1. Dietary Restrictions: Avoid cooked meats, herbal tea, and alcohol.

2. Moderation: Do not overeat the day before the test.

3. No Smoking: Refrain from smoking.

4. Physical Restraint: Avoid strenuous exercise and sexual activity.

5. Medication Awareness: Discuss your current medications, including over-the-counter items, with your healthcare provider.

6. Hydration Instructions: Some blood tests may require increased water intake before the test or specific urine tests.

How expensive are blood tests for leukaemia?

A complete blood count, or CBC testing, is a simple blood test widely used to diagnose several types of disorders in the body. A CBC determines whether or not the blood cell count has increased or decreased. The average cost of CBC in India is between Rs 150 to Rs 500.

Are there any age limitations for undergoing a blood test for leukaemia?

Age is not a consideration in obtaining a blood test to identify leukaemia. While some varieties of leukaemia do not result in the presence of leukaemia cells in the blood, a blood test can reveal abnormal amounts of red blood cells(RBC) or white blood cells, or platelets, which may indicate leukaemia. 

A Complete blood test, on the other hand, is insufficient for diagnosing leukaemia. A bone marrow test is frequently needed to confirm the diagnosis and decide the type of leukaemia.

Can a blood test monitor remission or relapse in leukaemia patients?

Remission in AML is defined as bone marrow with less than 5% leukaemia blasts, normal blood cell counts, and absence of symptoms.

Factors influencing remission include AML type, age, health conditions, treatment response, and genetic changes.

Blood tests can indicate complete molecular remission, but sensitive tests may detect residual leukaemia cells.

The presence of residual disease increases the risk of relapse, necessitating additional treatment.

What other medical conditions mimic the symptoms of leukaemia?

Leukaemia is often mistaken for conditions like influenza, fever, fractures, bleeding disorders, immune thrombocytopenic purpura, trypanosomiasis, autoimmune lymphoproliferative syndrome, and certain viral infections or joint diseases.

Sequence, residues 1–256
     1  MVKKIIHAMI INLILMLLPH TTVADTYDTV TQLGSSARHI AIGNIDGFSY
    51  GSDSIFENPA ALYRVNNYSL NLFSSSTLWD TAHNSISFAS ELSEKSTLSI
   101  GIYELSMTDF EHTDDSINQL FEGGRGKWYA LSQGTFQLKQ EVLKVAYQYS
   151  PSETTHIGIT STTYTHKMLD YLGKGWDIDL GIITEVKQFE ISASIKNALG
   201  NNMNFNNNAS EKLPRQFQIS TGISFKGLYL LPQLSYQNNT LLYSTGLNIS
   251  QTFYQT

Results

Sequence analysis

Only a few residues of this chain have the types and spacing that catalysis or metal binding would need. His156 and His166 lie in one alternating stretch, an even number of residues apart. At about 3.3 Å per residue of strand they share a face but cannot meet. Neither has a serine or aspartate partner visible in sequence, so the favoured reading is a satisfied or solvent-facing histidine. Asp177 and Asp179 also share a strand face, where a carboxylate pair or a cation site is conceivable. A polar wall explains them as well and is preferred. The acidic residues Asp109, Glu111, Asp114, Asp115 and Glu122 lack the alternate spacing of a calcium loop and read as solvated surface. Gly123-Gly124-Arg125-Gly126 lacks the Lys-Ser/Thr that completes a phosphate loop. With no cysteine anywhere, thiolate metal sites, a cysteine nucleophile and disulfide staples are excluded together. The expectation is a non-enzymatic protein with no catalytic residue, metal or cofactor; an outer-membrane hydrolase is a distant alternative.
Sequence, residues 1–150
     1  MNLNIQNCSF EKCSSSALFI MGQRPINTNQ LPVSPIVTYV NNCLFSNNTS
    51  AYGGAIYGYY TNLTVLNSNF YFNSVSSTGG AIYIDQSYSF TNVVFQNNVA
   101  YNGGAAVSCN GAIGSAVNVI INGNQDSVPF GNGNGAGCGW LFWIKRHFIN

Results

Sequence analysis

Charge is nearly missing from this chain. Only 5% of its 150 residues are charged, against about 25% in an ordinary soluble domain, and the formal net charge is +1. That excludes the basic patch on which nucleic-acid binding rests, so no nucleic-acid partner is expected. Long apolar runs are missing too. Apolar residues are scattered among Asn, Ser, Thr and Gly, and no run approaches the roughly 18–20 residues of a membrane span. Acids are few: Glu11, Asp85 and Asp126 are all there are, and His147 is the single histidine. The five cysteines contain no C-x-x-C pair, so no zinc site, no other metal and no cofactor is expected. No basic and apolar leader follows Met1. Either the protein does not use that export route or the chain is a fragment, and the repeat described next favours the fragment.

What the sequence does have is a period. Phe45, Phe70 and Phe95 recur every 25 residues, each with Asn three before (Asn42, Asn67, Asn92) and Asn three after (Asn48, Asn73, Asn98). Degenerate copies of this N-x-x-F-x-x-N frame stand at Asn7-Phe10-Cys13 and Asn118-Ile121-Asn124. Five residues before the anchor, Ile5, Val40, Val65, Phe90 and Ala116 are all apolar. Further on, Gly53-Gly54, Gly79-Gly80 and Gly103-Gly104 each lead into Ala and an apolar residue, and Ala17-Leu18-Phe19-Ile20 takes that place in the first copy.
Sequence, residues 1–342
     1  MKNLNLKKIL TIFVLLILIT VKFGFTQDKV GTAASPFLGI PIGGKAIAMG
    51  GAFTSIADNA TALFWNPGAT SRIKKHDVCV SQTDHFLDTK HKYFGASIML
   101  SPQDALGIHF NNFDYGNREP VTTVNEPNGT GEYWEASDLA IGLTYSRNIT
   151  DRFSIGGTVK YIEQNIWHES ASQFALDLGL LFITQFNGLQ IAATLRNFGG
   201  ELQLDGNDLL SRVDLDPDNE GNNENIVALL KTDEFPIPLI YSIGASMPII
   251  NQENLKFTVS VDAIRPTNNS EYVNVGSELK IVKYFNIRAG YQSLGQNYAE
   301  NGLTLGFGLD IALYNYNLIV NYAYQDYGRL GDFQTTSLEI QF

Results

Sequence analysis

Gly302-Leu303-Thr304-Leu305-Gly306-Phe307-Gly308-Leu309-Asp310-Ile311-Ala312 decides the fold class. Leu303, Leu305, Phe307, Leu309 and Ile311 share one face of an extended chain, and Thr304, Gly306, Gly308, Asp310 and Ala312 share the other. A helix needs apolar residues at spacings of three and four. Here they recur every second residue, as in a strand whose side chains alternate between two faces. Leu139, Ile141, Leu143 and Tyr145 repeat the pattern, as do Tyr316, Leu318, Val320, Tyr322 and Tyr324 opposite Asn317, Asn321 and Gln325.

Some children with acute lymphoblastic leukaemia may experience fever symptoms and bone/joint pain with normal complete blood count (CBC).

How can a blood test help differentiate leukaemia from other medical conditions?

A blood differential test is frequently performed as part of a general physical examination. Because the five types of white blood cells perform various functions, testing them

independently can provide crucial information to your healthcare physician. The test can also help in the diagnosis of a number of medical disorders, including

  1. Infections

  2. Autoimmune conditions

  3. Inflammatory conditions

  4. Other kinds of cancer, such as leukaemia

Is a bone marrow biopsy always necessary alongside a blood test for leukaemia diagnosis?

If your doctor suspects you have leukaemia, he or she will examine blood and bone marrow samples to be sure. Other tissue and cell samples may be collected to aid in therapy planning.

Blood tests are usually the initial step in the search for leukaemia. Blood is drawn from an arm vein. Because leukaemia begins in the bone marrow, looking for leukaemia cells in the bone marrow is an important element of testing for it.

So, bone marrow biopsies are used to diagnose leukaemia accurately.


All the articles on HexaHealth are supported by verified medically-recognized sources such as; peer-reviewed academic research papers, research institutions, and medical journals. Our medical reviewers also check references of the articles to prioritize accuracy and relevance. Refer to our detailed editorial policy for more information.

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  2. Minimal Residual Disease (MRD): Testing, Results & More [Internet]. Healthline. 2022.link
  3. Blood Work | How This Provides Clues On Your Health | LLC [Internet]. www.lls.org. [cited 2023 Jun 20].link
  4. How to Read Your Leukemia Test Results [Internet]. Healthline. 2022.link
  5. Pennmedicine.org. 2023. link
  6. ALL leukemia diagnosis, tests, symptoms, and more [Internet]. www.medicalnewstoday.com. 2023 [cited 2023 Jun 20].link
  7. Diagnosing Leukemia [Internet]. Yale Medicine.link

Updated on : 20 June 2023


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HexaHealth Care Team

HexaHealth Care Team brings you medical content covering many important conditions, procedures falling under different medical specialities. The content published is thoroughly reviewed by our panel of qualified doctors for its accuracy and relevance.